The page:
to recent economic issues the industry had developed over the past three years. The following

figures are the company’s computed ratios:

       Current ratio shows the company can manage to meet the short term liabilities from the

current assets (McGuigan & Rao, 2007). The standard ratio for Harley-Davidson is 2:1. The

current ratio for the year 2006 was 2.2 as opposed to the ratio of 1.8 for 2007. The liquidity

position of the company has been slightly reduced. The company should take steps to increase

the current ratio. Quick Ratio, which is considered a more reliable indicator of the Harley-
Davidson’s ability to meet its short-term financial obligation, shows the liquidity position of the

company (McGuigan & Rao, 2007). Liquid assets are current assets minus stock. Liquid assets

denote assets which can be easily converted into cash. The standard ratio is 1:1, for example in

2006 (2.0:1) and in 2007 (1.6:1). The industry average was 1.8:1 for both 2006 and 2007. In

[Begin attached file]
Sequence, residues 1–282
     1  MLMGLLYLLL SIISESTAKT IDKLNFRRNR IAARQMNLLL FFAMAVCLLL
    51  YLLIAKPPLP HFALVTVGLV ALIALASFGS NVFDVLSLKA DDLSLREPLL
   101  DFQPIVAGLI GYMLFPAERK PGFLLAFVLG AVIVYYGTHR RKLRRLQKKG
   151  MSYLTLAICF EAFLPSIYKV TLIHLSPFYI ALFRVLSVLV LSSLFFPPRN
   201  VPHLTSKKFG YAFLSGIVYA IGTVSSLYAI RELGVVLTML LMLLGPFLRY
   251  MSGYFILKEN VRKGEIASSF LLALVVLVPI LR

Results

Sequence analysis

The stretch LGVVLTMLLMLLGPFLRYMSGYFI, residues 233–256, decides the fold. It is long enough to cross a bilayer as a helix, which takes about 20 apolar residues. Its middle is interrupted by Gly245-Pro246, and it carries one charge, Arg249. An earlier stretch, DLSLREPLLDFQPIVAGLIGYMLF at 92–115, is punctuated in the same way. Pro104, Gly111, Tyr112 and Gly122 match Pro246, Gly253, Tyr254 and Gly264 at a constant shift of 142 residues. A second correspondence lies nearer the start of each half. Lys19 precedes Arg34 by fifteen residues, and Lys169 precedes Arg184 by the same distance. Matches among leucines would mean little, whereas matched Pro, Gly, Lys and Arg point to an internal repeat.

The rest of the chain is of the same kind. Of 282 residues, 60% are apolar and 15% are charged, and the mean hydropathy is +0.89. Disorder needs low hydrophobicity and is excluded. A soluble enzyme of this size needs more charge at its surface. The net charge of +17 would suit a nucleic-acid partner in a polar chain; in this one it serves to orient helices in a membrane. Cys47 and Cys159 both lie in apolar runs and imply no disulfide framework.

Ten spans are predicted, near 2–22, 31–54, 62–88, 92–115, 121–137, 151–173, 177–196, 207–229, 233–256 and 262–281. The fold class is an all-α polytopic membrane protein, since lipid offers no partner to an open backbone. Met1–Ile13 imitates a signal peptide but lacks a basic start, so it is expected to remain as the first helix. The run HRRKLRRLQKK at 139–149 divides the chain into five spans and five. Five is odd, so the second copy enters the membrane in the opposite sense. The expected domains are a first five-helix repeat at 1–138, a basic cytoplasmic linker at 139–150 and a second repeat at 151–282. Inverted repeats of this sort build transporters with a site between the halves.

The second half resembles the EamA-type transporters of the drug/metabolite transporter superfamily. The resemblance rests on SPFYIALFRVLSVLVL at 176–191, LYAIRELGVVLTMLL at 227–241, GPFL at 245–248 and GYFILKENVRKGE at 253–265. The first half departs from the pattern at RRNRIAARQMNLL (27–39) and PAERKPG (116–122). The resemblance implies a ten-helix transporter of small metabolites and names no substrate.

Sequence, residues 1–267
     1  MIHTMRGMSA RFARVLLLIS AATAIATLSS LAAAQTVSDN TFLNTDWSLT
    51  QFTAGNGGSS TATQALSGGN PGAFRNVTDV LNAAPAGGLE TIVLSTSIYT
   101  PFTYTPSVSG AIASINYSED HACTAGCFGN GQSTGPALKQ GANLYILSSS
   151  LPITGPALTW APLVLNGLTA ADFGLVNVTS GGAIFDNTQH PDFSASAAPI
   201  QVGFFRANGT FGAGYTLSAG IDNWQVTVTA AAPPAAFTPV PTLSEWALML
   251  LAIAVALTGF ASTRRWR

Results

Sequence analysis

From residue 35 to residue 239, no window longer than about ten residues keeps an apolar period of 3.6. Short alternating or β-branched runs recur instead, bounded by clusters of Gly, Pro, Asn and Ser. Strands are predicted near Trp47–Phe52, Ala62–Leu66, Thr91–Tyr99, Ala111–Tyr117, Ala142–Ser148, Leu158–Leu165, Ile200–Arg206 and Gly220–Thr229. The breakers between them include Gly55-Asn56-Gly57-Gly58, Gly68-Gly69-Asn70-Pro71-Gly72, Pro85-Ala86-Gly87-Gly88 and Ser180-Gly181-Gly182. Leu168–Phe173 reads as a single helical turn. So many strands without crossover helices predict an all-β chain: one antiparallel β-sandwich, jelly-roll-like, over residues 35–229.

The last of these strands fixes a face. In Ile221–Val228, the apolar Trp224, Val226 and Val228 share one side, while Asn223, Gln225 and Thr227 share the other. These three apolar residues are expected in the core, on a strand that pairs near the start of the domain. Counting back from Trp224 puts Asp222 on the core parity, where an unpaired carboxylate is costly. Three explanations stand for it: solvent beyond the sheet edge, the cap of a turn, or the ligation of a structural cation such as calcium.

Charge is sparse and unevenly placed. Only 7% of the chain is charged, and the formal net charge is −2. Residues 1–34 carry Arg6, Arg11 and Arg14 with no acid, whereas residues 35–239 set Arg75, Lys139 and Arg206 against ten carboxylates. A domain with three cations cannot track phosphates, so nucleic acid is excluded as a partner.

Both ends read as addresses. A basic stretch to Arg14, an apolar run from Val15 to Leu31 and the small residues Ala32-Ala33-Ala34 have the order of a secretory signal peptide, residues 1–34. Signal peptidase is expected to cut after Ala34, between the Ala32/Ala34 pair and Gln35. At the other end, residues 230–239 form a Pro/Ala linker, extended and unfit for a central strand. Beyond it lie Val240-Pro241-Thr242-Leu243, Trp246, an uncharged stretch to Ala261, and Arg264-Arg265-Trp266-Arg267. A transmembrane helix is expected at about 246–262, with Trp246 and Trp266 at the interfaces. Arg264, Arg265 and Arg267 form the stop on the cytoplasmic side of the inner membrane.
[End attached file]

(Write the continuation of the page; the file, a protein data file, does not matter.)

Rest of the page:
comparing inventory turnover ratio, it is also clear that more inventories were held in 2007 than

in 2006. This denotes how fast the inventory has been sold. The ratio for the year 2007 (16) was

decreased from the year 2006 (20). A lower turnover implies poor sales and higher ratio implies

strong sales or ineffective buying. In the year 2007, the company had poor sales compared to the

year 2006. In 2007 they were holding at 10.3, whereas 6.1 in 2006. Since the 2006 ratio was

higher than 2007, this implies the poor sales, which left excess inventory (Harley-Davidson,

2009).

         Debt ratio shows the relation between the total liabilities of the firm and the equity. It